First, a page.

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Ancient Nomos Art is a museum of galleries exhibiting ancient coins and ancient mint maps. The coin gallery displays the diverse art and history of hand-crafted ancient Greek, Roman, Byzantine, Persian and Medieval coinage. The ancient mints mapping gallery features Greek, Roman, Byzantine, Asia Minor and Medieval mint city regions and territories. Visitor's are welcome to explore, study and enjoy Ancient Nomos Art.

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Greek, Syracuse – 215 BC


From Ancient Galleries

Greek, Syracuse – 215 BC

Obverse: Diademed head of Hieronymos facing left wearing long curled sidelock.
Reverse: Center globe with winged thunderbolts and arrows, with Greek legends.

Obv. Diademed head of King Hieronymos facing left. Rev. Winged thunderbolts between Greek inscriptions ΒΑΣΙΛΕΩΣ (King) and KI above, ΗΕΡΩΝΥΜΟΥ (Hieronymos) below.

The brief reign of the last Magna Grecian king of Syrakos (Syracuse), Hieronymos, began when he was a 15 year old boy. His reign followed the deaths of both his father Gelo and his reigning grandfather King Hieron II in 215 BC. His grandfather, Hieron II, reigned prior to Hieronymos and had famously allied Greek Syrakos with Roman Latins by signing post Messana War treaty with Rome in 265 BC. The treaty with Rome helped Syrakos defended itself from persistent attacks by Carthage. The treaty also maintained a peaceful relation between Rome and itself for the next fifty years. By the end of Hieron’s reign however, Rome and Carthage were again battling in what is known as the Second Punic War. After witnessing Rome losing to Hannibal’s invasions of north Italy in 218 BC and suffering the terrible defeat at Cannae in 216 BC, Gelo is thought to have influenced the young Hieronymos by his favoring the apparently stronger Hannabil of Carthage. Upon his succession, Hieronymos consequently courted Hannibal and met with his generals, Hippokrates and Epikydes, to negotiate an illfated alliance between Syrakos and Carthage. When Hieronymos repudiated Rome and failed to reaffirm Hieron’s Messana treaty, a pro-Roman faction in Syrakos plotted and successfully assassinated Hieronymos while he was visiting Leontini of Sicily, in 214 BC. His reign and coinage lasted just thirteen months. Few examples of his rare coinage exist and even fewer of this exceedingly rare 5 litra denomination. The obverse coin above depicts a diademed bust Hieronymos facing left in a classic idealized Greek portrait style. The coins reverse depicts the symbolic winged thunderbolt with arrow heads emerging from a central sphere. This image is attributed to the Greek god Zeus and is a sign of power, strength and vitality. Unfortunately, following the death of Hieronymos, Syrakos was captured, looted and destroyed by the Romans. Syrakos (Syracuse) was reduced to a minor provincial town, marking the end of its glorious 500-year history as a magnificent independent Greek City-State.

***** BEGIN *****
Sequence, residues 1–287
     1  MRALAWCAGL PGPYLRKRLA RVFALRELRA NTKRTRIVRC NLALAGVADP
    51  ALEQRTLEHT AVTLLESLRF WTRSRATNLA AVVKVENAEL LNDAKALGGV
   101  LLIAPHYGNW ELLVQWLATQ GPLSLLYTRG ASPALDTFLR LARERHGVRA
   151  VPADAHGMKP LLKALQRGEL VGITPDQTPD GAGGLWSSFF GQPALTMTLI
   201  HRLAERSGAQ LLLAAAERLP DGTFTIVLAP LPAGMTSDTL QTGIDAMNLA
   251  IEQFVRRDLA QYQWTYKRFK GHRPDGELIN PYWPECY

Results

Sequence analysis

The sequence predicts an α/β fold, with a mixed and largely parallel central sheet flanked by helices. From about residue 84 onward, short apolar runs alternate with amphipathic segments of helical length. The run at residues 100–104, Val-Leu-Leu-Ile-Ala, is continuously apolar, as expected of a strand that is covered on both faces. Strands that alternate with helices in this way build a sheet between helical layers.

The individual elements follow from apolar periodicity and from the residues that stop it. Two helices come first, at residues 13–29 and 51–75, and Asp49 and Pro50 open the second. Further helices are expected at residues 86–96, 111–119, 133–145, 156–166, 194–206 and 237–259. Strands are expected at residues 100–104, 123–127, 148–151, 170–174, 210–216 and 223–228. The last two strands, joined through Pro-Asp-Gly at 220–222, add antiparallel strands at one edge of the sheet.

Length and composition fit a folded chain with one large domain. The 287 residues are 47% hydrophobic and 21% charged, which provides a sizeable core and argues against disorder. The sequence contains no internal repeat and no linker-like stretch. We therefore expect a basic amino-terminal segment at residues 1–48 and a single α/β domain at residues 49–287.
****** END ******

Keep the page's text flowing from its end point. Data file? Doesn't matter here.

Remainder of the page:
Value: 5 Litra. Metal: AR Silver. Weight: 4.20 grams. Mint: Syracuse. Date: after 215 BC.
Attribution: Holloway, “Thirteen Month Coinage of Hieronymos” 51, (same dies); BAR Issue 80; SNG ANS; BMC 221 (same dies); Hirsch 746 (same dies); CNG Triton XIII, 1042 (same dies); Weber, Plate 67, 1718 (10 Litra).

Legend, Documentation and Attribution